Infected salivary gland
- Abscess of the salivary glands may rarely progress into the deep neck spaces as a parapharyngeal abscess or Ludwig’s angina.
- Lower motor neurone facial nerve palsy with parotid swelling is usually not a sign of infection but rather one of a malignant tumour.
Why is this important?
The main salivary glands are the parotids (two in total), submandibulars (two in total) and sublinguals (two in total) with numerous other minor glands spread around the oral cavity.
When to involve the ENT registrar
- If infection has progressed to deep neck spaces and is comprising the airway.
- If patients are in septic shock
Who to admit
- Patient with tenderness, swelling, erythema in the parotid or submandibular region that has not resolved with a one week course of oral antibiotics
- Spreading overlying cellulitis
- Abscess formation (tender, warm and fluctuant swelling) over salivary gland areas
- Patients who cannot eat and drink
Assessment and recognition
Infections are commoner in the parotid ('parotiditis', or 'parotitis' if you say 'appendectomy') and submandibular glands. Dependent patients tend to have poorer oral hygiene and get dehydrated, despite the best efforts of carers, and they are at higher risk.
Most salivary gland infections are viral in nature and usually settle with conservative management. This includes adequate oral hygiene and hydration. Some bacterial infections may require oral antibiotics, which can be administered on an outpatient basis.
Many submandibular swellings will be dental: always ensure dental examination and imaging have been undertaken to rule out a tooth abscess.
Patients with repeated salivary gland infections may have an underlying cause (see below), which will require further investigation.
A thorough history of duration, onset and nature of infection is vital. Patients usually complain of swelling, dry mouth, foul taste in the mouth and difficulty in eating and drinking. Pay good attention to co-morbidities and medications as these could be related to the underlying pathology.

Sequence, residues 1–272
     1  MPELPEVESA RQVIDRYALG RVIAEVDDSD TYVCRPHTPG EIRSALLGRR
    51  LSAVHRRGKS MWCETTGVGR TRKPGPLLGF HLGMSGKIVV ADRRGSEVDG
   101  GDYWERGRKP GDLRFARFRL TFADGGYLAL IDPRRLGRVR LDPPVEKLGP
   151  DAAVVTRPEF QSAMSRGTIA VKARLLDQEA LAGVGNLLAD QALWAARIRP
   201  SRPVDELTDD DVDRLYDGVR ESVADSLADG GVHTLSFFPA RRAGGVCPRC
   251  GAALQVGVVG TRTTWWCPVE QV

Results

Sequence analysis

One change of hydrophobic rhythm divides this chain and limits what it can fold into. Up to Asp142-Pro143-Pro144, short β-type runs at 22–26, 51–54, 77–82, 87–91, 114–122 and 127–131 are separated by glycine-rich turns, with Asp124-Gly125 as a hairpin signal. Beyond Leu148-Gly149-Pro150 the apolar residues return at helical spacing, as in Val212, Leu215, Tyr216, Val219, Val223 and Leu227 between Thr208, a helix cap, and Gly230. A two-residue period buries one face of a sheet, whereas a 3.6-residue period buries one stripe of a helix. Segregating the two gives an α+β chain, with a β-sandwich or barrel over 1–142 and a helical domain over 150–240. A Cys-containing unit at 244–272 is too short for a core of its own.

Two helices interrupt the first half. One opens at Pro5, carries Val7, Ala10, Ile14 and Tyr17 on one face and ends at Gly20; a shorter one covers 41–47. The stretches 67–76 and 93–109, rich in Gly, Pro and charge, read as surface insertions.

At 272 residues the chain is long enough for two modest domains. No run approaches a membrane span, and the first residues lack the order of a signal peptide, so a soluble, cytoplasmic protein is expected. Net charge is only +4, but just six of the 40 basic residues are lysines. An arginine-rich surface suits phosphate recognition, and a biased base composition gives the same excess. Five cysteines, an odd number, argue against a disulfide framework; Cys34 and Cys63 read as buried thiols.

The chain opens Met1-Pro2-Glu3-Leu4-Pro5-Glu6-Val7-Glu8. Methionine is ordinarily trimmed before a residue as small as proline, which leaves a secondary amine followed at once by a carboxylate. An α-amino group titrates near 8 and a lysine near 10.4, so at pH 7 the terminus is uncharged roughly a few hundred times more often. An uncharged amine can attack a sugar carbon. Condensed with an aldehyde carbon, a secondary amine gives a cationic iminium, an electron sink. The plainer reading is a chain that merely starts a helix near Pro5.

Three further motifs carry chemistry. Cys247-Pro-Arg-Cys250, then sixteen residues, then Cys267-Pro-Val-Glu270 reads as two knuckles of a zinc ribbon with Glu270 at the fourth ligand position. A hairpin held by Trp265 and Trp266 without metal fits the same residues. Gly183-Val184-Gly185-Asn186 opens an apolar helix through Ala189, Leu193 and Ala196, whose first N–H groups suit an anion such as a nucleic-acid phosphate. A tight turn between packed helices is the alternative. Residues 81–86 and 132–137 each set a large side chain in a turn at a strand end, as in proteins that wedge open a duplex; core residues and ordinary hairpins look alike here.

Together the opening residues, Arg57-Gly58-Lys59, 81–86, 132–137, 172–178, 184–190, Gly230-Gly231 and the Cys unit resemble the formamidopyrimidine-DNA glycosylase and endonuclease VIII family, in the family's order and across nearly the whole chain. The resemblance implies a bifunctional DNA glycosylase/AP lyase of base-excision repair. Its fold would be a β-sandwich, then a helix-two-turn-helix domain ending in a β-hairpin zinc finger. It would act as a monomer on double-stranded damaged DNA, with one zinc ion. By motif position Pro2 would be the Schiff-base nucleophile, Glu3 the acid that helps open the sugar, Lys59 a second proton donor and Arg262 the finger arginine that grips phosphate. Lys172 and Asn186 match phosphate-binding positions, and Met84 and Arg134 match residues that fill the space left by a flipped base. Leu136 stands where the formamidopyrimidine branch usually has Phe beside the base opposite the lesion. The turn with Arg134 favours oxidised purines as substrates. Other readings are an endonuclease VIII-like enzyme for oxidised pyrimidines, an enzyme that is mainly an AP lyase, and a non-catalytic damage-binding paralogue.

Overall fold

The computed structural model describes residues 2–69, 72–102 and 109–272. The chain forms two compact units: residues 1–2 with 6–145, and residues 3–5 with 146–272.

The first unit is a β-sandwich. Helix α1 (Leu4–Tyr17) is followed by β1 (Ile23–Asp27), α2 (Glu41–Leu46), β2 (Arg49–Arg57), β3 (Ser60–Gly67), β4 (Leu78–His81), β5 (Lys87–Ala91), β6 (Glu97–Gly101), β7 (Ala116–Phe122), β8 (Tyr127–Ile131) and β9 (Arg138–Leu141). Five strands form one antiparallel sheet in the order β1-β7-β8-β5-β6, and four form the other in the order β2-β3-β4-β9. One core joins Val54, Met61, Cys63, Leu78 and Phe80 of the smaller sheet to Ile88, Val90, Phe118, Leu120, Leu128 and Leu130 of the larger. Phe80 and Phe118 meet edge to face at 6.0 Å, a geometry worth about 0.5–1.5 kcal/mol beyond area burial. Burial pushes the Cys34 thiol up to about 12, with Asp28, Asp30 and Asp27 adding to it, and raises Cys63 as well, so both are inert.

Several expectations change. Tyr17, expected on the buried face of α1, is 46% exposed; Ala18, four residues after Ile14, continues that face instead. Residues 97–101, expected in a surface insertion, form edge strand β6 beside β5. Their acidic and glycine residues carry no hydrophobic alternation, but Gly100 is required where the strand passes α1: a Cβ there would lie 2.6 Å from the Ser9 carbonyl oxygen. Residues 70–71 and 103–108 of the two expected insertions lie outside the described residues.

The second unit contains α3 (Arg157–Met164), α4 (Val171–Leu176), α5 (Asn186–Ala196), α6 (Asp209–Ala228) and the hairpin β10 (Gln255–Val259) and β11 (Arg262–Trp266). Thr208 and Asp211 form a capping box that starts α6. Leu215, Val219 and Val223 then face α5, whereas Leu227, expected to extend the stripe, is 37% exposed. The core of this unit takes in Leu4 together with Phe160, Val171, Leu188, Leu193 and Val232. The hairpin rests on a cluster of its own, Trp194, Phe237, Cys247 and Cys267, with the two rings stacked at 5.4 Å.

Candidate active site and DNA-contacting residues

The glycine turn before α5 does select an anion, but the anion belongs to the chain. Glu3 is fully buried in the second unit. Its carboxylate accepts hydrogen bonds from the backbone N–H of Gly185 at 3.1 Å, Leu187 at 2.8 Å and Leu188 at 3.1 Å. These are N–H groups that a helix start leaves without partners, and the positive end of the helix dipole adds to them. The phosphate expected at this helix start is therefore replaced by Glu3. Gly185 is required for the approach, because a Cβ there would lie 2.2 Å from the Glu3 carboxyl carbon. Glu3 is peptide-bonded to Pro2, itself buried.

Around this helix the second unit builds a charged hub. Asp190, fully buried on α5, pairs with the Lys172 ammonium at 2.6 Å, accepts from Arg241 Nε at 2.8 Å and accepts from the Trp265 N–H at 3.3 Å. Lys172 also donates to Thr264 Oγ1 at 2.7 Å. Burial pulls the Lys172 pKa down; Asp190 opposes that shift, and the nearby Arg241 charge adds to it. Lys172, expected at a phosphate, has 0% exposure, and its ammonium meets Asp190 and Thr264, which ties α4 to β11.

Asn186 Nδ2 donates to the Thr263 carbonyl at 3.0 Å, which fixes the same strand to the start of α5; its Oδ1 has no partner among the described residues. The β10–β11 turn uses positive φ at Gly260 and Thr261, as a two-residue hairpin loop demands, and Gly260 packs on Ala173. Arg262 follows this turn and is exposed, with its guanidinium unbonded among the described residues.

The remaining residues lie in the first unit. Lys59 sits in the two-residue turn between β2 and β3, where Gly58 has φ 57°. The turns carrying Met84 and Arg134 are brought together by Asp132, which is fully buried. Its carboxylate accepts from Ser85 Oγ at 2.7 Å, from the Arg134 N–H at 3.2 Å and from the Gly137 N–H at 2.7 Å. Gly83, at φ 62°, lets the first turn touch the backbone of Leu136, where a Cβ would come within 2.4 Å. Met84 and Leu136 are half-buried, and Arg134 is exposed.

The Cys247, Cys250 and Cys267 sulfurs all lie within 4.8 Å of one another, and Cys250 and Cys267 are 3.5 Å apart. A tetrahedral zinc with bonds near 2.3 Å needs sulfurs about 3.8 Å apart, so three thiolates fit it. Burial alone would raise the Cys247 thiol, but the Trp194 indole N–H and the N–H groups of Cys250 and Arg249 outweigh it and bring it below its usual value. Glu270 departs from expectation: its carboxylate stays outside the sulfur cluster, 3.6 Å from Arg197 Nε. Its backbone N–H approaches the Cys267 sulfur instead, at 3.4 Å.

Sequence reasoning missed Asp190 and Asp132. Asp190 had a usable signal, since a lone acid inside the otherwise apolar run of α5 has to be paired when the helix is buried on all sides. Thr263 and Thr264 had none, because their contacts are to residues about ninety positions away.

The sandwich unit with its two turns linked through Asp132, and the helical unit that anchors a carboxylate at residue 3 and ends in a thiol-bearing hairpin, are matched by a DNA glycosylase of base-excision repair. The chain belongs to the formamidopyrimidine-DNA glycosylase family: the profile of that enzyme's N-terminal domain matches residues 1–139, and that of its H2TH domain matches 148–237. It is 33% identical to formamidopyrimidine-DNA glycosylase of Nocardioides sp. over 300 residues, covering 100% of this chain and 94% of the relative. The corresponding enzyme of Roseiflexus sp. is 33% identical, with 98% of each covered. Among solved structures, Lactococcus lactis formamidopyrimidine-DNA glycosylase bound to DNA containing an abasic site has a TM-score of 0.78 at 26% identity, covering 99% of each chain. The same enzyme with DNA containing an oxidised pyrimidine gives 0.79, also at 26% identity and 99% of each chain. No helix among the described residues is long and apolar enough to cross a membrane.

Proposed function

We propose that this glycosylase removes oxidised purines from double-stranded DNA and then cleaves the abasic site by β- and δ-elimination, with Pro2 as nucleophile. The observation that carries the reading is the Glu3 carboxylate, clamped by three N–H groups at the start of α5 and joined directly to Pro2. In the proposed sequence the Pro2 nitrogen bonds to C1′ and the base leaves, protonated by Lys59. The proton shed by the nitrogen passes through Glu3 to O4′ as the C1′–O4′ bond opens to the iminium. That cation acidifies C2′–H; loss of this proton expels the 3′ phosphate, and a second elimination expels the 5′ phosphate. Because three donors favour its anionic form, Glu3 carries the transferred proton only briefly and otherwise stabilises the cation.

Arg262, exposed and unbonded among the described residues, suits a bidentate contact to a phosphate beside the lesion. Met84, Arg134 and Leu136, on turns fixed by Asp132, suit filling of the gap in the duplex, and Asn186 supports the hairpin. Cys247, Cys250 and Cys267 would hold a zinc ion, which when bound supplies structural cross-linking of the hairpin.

Common causes of salivary gland swellings
- Viral causes – Mumps, Coxsackie, Parainfluenza, Influenza A
- Bacterial causes – staphylococcus aureus, anaerobic bacteria
- Stones (sialolithiasis)
- Chronic scarring and strictures (sialectasis)
- Benign and malignant tumours
- Granulatomous conditions - Sjogren’s syndrome, Sarcoidosis, Wegeners granulomatosis
- HIV-related lymphocytic infiltration (usually parotid gland)
- Medical causes – chemotherapy agents and radiotherapy (controversial!)
Examination of the neck and oral cavity is vital. This includes bimanual palpation for feeling stones and trying to express pus from the glands.
Immediate and overnight management
If patients meet the criteria for admission:
- IV access, bloods (including cultures if temp >38) and IV hydration
- Start antibiotics, ensuring adequate cover for anaerobes eg co-amoxiclav, clarithromycin or penicillin and metronidazole: do follow your local/Trust protocol
- Encourage good oral hydration if tolerated and oral hygiene: this has to be stressed to the nursing staff
- Citrus fruits / drinks or other forms of sialogogues can help promote salivary outflow to encourage expulsion of pus or stones
- Some patients attempt milking the duct for stones but this is painful
The patient should be seen on the ward round and usually an ultrasound scan of the salivary gland is requested to determine the nature of the infection as well as the underlying cause.
If there is a possibility of an abscess or deep neck space infection, this may require urgent drainage in theatre.
Depending on the underlying cause, patients may undergo sialoendoscopy or sialography. This is usually on an outpatient basis once the immediate infection has settled.
Page last reviewed: 23 September 2016